Key moments in a long week of severe pressure for the Taoiseach
Sunday, January 9:
Previously undisclosed contacts are revealed between Taoiseach Brian Cowen and former Anglo chairman Sean FitzPatrick in the run-up to the 2008 state banking guarantee.
'The FitzPatrick Tapes' detail how Mr Cowen and the ex-Anglo boss played golf and dined at the exclusive Druids Glen resort in Co Wicklow in July, 2008.
It also revealed the two men spoke on the phone the previous March, while Mr Cowen was still Finance Minister, about concerns over Anglo's plummeting share value.
Mr Cowen confirms he played golf and dined with Mr FitzPatrick, but claimed it was a social outing and the bank was not discussed.
Monday, January 10:
In a statement, Mr Cowen insisted that there was no secret agenda behind the golf game and dinner. He again said the bank was not discussed during the outing.
Tuesday, January 11:
Green Party leader John Gormley hit out at his coalition colleague Mr Cowen for not earlier revealing the contacts with the ex-Anglo boss.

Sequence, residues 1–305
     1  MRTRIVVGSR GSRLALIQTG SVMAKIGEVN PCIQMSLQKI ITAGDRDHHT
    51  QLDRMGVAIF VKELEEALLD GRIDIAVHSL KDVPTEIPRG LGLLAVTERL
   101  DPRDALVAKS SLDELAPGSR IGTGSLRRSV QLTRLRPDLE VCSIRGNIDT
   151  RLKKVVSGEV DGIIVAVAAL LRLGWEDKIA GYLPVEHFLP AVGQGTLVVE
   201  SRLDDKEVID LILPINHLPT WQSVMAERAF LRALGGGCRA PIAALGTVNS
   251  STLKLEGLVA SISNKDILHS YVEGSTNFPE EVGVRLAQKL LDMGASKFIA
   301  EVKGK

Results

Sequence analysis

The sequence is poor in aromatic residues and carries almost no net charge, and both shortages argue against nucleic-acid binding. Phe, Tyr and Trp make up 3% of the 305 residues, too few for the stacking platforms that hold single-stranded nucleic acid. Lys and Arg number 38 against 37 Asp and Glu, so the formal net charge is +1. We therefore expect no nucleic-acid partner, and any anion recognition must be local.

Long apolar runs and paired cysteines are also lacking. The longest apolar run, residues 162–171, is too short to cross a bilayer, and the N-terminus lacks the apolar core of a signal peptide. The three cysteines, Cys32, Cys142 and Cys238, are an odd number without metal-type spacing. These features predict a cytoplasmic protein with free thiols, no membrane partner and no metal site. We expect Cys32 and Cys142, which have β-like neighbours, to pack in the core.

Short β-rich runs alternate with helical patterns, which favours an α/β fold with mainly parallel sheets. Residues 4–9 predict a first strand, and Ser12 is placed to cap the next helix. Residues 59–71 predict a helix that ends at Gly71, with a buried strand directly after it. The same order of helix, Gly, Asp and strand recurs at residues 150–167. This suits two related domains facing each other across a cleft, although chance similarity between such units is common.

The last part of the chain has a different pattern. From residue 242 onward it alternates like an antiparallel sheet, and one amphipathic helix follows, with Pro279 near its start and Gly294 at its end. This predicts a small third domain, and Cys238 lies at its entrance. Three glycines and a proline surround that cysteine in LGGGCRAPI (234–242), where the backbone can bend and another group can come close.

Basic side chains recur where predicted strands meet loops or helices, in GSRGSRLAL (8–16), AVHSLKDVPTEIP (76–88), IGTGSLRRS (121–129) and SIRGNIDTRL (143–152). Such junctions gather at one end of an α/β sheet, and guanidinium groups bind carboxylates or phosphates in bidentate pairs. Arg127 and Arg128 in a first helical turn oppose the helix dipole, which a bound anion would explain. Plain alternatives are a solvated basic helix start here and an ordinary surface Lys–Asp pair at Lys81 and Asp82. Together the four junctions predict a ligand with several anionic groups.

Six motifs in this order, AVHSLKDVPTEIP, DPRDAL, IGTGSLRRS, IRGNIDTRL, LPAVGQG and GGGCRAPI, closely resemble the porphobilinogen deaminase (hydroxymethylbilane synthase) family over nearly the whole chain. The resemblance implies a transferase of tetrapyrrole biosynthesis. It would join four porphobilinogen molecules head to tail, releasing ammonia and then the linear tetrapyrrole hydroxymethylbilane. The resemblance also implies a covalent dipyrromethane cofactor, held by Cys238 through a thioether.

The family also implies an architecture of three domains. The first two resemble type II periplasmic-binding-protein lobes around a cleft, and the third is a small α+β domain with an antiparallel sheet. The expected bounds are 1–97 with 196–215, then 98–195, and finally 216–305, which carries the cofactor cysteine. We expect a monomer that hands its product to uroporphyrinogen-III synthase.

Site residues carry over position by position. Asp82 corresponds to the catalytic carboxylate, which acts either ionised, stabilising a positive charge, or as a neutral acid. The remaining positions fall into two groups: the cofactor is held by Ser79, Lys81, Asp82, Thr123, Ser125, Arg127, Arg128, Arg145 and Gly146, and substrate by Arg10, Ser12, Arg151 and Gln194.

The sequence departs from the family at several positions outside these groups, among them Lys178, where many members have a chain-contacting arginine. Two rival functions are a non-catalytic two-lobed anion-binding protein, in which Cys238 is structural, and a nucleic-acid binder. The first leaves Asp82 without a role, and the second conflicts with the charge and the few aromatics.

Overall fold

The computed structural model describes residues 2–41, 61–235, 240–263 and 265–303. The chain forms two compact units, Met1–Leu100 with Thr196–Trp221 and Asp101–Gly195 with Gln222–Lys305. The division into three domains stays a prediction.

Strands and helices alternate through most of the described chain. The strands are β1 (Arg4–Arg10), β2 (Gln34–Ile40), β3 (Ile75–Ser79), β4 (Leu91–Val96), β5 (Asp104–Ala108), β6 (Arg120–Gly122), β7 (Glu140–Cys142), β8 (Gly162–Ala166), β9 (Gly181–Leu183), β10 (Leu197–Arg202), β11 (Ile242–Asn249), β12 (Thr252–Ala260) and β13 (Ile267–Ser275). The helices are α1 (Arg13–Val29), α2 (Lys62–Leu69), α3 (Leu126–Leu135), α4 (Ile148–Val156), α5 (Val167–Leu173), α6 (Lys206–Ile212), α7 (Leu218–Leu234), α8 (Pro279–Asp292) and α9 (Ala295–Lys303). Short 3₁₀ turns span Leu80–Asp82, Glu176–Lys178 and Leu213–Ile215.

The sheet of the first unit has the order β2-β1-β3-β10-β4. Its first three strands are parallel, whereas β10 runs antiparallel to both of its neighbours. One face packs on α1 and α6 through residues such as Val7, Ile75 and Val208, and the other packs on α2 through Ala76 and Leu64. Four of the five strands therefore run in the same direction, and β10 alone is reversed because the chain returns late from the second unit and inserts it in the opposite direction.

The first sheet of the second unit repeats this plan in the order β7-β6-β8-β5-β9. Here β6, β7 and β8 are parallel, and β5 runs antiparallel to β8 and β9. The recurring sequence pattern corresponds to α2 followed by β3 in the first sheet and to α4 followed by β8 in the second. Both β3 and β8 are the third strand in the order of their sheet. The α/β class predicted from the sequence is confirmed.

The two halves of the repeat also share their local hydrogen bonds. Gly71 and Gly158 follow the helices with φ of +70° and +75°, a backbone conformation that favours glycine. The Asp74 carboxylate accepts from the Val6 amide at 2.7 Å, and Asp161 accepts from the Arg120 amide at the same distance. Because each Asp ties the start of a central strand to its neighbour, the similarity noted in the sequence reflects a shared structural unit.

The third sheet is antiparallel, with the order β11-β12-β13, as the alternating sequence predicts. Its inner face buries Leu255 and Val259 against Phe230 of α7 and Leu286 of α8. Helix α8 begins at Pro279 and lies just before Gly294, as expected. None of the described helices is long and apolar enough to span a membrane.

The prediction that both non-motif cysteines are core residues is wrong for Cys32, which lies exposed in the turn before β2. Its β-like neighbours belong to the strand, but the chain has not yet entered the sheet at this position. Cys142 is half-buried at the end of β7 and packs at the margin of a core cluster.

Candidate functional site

But he said his party could find no evidence of wrongdoing in the phone call, dinner or round of golf.
Wednesday, January 12:
During a grilling in the Dail the Taoiseach accused the opposition of peddling an absurd conspiracy theory over his contacts with the banker, claiming the questions were a smear campaign.
But more details emerged. Mr Cowen revealed he and long-term friend Fintan Drury, a former Anglo board member, and Mr FitzPatrick were joined for the dinner by Alan Gray, a former managing partner of consultancy firm Indecon and appointed by Mr Cowen as a Central Bank director in 2007, and Gary McGann, Smurfit Kappa chief executive and then a member of the Anglo board.
Thursday, January 13:
A Fianna Fail parliamentary party meeting is delayed by more than three hours, fuelling speculation that Mr Cowen's leadership is in doubt. But the Taoiseach tells colleagues he accepts there are issues about his leadership and offers to sit down with members to listen to their concerns.
Friday, January 14:
As Mr Cowen consulted colleagues, a no-confidence vote in the Government by Labour was blocked by Chief Whip John Curran, who refused to free up time in the Dail.
Saturday, January 15:
Noel O'Flynn, backbencher and critic of Mr Cowen, calls for the Taoiseach to step down as party leader and openly backs leadership contender Foreign Affairs Minister Micheal Martin to take over.
Sunday, January 16:
Mr Cowen vows to remain on in office. He breaks with protocol to offer his opponents the chance to vote against his leadership in a confidence motion.